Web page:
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Rapid7 2022 Predictions: Election Concerns, IoT Security and Crypto's Role

vmblog predictions 2022 

Industry executives and experts share their predictions for 2022.  Read them in this 14th annual series exclusive.

Election Concerns, IoT Security and Crypto's Role

Contributed by Rapid7 Executives

Enterprise organizations have endured numerous software security threats in 2021, all the while having to navigate the second year of an ongoing pandemic - that's no small feat. As we internalize lessons learned from the year behind us, we look forward to the year ahead and forecast how the cybersecurity industry may fare in 2022. How will the U.S. navigate the upcoming midterm political elections? Will ransomware concerns ramp up or dial down? Who will be a bigger target for attackers?

Here are some predictions from the Rapid7 team:

Bob Rudis, Chief Security Data Scientist:

"The 2022 U.S. election season will drive multiple (some impactful) cyberattacks on candidate/party technical and campaign logistics infrastructure and data from U.S.-based sources. In addition, I predict a major U.S. government agency will suffer an extended, crippling ransomware attack, which will be a catalyst for further policy and enforcement actions by the Biden administration."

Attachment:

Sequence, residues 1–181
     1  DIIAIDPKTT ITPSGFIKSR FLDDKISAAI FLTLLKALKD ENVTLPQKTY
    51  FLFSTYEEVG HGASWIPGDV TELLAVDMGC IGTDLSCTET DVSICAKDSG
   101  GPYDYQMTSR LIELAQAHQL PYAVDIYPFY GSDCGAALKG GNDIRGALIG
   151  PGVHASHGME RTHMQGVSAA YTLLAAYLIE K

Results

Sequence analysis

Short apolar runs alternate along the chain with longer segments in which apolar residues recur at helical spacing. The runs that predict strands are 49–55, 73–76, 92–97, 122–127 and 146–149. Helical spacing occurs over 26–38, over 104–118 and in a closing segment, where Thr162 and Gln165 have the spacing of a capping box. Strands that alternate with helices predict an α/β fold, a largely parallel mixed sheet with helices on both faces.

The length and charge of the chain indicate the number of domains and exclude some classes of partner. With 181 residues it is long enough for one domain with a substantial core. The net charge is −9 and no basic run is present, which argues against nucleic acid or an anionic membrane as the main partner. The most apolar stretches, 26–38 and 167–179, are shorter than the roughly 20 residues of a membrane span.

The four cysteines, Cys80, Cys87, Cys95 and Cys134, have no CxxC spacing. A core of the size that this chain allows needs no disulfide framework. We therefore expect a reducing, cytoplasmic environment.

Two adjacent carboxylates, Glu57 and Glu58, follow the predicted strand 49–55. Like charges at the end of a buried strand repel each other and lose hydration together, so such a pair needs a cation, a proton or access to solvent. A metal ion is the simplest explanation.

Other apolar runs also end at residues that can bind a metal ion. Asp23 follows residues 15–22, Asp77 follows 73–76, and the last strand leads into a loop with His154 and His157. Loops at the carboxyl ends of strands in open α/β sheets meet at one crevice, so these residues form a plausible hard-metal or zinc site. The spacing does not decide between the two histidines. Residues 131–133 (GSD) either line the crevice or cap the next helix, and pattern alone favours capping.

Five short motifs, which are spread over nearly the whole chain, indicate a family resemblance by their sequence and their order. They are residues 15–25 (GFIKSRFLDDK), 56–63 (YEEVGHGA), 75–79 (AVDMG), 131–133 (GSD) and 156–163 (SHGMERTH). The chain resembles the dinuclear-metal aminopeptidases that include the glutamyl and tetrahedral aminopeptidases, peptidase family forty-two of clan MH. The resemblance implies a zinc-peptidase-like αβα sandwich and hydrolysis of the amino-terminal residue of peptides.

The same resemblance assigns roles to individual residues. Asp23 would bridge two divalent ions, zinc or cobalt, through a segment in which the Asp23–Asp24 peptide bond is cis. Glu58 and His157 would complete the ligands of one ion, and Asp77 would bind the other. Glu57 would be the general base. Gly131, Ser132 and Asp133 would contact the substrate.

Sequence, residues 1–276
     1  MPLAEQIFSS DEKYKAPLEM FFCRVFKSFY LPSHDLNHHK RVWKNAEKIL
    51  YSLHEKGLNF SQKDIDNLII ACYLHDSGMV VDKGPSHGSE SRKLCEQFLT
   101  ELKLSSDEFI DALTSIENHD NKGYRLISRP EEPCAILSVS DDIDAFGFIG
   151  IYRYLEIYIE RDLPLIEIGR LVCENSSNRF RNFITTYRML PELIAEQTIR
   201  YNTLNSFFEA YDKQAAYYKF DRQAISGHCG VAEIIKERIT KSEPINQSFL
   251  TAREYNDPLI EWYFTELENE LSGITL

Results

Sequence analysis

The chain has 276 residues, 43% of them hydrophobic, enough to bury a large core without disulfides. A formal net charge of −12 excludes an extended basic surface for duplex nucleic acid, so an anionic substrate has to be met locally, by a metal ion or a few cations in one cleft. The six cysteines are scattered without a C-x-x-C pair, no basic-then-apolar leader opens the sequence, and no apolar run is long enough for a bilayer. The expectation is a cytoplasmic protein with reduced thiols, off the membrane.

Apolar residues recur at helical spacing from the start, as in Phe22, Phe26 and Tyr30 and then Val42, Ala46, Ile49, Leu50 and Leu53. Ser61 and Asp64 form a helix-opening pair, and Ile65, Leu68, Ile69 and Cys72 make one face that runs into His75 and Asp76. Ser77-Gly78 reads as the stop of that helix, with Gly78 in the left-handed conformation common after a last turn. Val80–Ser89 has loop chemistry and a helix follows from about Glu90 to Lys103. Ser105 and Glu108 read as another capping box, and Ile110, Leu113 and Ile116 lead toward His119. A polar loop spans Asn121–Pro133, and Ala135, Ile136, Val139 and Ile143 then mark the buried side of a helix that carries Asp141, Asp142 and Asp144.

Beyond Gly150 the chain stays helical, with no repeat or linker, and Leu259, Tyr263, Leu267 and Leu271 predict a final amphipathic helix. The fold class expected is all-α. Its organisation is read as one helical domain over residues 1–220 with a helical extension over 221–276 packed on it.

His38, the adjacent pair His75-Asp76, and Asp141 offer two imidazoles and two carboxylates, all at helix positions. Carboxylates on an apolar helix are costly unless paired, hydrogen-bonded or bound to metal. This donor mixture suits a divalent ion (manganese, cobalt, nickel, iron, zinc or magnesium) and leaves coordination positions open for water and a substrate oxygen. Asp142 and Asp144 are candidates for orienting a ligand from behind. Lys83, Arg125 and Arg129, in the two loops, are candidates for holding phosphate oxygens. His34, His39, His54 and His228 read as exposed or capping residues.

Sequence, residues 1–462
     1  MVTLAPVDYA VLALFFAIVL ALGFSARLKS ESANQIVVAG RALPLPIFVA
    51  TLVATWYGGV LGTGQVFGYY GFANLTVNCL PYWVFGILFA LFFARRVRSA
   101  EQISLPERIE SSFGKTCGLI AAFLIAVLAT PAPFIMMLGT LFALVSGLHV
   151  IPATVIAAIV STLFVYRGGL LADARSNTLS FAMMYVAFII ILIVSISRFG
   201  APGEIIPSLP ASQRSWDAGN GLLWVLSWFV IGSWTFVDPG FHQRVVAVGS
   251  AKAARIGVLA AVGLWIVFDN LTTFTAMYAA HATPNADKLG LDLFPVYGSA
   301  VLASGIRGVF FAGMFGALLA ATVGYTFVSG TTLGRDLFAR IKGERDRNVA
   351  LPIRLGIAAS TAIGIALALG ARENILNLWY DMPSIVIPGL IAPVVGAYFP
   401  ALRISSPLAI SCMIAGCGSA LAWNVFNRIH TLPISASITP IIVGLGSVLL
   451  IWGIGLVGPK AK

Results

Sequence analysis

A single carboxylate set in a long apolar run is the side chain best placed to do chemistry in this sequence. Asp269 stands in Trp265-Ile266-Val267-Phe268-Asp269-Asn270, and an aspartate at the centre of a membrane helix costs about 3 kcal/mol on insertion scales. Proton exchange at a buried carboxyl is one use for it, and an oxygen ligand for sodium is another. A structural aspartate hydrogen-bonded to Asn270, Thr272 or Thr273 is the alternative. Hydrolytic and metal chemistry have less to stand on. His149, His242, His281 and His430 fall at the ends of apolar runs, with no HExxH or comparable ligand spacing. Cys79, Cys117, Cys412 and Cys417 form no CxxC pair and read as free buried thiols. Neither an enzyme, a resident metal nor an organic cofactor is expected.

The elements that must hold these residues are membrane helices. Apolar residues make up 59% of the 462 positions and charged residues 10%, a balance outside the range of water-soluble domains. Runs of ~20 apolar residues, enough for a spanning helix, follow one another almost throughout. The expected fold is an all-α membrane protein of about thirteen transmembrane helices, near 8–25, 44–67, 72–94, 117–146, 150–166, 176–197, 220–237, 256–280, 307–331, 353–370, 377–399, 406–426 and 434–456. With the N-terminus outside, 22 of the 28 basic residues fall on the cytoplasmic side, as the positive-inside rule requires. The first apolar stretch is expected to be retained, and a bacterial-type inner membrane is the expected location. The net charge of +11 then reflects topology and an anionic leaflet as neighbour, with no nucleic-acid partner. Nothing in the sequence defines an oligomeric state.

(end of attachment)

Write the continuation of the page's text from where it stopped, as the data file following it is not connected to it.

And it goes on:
Deral Heiland, IoT Research Lead:

"I expect consumer IoT security awareness to grow in 2022 with a more focused attention on privacy. This will be triggered by an increase of breaches associated with IoT products, which will make the national headlines. With this new awareness, consumers will start expecting improved product security and reduced data warehousing, and demand that their personal data and online behavior information no longer be harvested and resold."

Erick Galinkin, Principal Artificial Intelligence Researcher:

"Ransomware will continue to be a huge threat and will draw even more attention in 2022. While we should keep an eye out for potential attempts to disrupt a major US government agency, the revenue lost from ransomware will still be an order of magnitude less than business email compromise."

Harley Geiger, Senior Director of Public Policy:

"The threat of ransomware and breaches will not abate, leading to continued scrutiny from Congress and agencies on companies' cybersecurity practices. Regulators will explore how to exercise existing authority to strengthen cybersecurity requirements, especially for critical infrastructure and government contractors. This includes continued implementation of the Biden Administration's Executive Order, new rules flowing from the late-2021 passage of incident reporting legislation, new cybersecurity-focused export controls, and FTC's updates to GLBA."

Tod Beardsley, Director of Research:

"In 2022, managed service providers (MSPs) will continue to be in the hot seat as intermediary targets for ransomware gangs. The efficacy of hitting MSPs was proven out in 2021, and even small, regional MSPs will need to stay on their toes with patches and 2FA everywhere to avoid getting exploited and phished by attackers who are targeting their downstream customers."


Published Friday, December 31, 2021 7:31 AM by David Marshall
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